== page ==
The new top A-level grade, the A*, which will mark out the highest flyers, will require marks of at least 90%.
The top A-level grade will rise from 80% to 90%
An increasing number of A grades are being awarded each year.
The A* is intended to highlight the best candidates, without altering the standards required for the existing five A-level grades.
The government agrees with the QCA exams watchdog the grade boundary should be 90%. Head teachers said it could make an A grade "second best".
The Qualifications and Curriculum Authority (QCA) had recommended to the outgoing Education Secretary, Alan Johnson, that this new top-level grade should be reserved for students who had an aggregate score of at least 90% across the units of their A-level.
He has accepted that.
He wrote: "In November when I agreed to your proposal to introduce an A* grade into A-levels, I was very clear that the way the A* is determined should be simple and transparent and accessible to all of the most able students, wherever they receive their education.
"I am pleased that the modelling of your proposal meets these conditions."
There have been calls for this extra level in response to the increasing proportion of students getting an A grade - which has now risen to almost a quarter of entries.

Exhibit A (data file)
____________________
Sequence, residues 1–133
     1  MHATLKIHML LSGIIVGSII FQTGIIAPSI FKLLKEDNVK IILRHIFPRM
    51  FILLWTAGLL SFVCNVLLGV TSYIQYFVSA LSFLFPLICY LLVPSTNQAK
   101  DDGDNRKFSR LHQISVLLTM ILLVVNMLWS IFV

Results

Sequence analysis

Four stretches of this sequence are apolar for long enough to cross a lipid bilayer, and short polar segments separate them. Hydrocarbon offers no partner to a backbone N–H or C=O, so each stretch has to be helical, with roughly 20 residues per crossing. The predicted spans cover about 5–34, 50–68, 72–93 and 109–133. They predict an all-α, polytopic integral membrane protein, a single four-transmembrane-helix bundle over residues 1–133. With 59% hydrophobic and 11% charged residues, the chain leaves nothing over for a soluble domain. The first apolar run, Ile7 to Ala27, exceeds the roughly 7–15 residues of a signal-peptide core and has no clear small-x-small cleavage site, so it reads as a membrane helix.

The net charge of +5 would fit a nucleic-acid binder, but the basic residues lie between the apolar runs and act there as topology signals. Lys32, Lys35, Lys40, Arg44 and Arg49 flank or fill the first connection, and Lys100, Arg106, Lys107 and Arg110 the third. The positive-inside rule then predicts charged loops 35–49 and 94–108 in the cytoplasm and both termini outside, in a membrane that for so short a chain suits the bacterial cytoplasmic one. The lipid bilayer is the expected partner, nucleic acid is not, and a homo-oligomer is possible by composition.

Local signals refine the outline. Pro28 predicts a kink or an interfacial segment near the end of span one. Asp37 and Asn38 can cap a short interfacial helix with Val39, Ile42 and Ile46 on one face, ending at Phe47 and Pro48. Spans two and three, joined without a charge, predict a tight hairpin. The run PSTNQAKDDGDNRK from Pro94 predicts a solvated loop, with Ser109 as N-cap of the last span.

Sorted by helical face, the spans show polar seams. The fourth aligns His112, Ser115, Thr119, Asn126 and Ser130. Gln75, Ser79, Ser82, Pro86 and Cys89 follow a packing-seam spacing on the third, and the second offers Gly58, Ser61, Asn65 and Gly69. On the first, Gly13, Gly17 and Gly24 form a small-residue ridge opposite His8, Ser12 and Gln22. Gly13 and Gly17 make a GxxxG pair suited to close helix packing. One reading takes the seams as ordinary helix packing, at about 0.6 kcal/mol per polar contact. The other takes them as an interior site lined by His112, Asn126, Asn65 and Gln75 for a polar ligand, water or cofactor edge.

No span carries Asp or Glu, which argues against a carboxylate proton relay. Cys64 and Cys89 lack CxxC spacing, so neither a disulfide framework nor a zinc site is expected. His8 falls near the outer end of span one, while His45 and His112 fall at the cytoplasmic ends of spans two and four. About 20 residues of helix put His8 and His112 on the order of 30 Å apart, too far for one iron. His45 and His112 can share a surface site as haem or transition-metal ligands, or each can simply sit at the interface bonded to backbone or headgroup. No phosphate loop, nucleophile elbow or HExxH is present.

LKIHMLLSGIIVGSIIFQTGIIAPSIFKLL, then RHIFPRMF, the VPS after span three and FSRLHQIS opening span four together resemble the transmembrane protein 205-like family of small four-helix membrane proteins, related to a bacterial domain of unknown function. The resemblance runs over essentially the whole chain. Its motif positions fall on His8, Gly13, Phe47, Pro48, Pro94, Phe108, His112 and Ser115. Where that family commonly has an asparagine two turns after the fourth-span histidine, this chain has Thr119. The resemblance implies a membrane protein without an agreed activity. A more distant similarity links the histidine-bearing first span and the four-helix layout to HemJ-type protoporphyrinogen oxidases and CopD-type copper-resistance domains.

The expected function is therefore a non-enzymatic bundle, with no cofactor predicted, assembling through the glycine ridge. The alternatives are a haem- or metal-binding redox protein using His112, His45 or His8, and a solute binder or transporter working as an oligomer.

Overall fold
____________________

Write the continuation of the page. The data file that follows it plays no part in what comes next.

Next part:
With an increasing number of students getting A grades in all their subjects, this has made the selection process more difficult for university admissions officers.
Among pupils at independent schools, almost half of all A-level entries achieve an A grade.
The existing A grade is awarded to students scoring 80%, and the new higher level is intended to identify the most talented students within this group, without changing the standards required for the five existing grades (A to E).
The former education secretary, who wrote to the QCA in April, wants the A* to be tested in "modelling exercises in 2007 and 2008" to make sure that "the new assessments maintain the A-level standard".
The A* has been scheduled to be fully in place from 2010.
The introduction of a higher level was welcomed by the Conservatives as a "long overdue" recognition that there had been grade inflation at A-level.
"This announcement is an important first step in restoring integrity and rigour to the A-level exam," said the Conservatives' schools spokesman, Nick Gibb.
But John Dunford, general secretary of the Association of School and College Leaders, opposed the higher grade.
"I regret the introduction of A* since it has the potential to make a grade A second best," said Dr Dunford.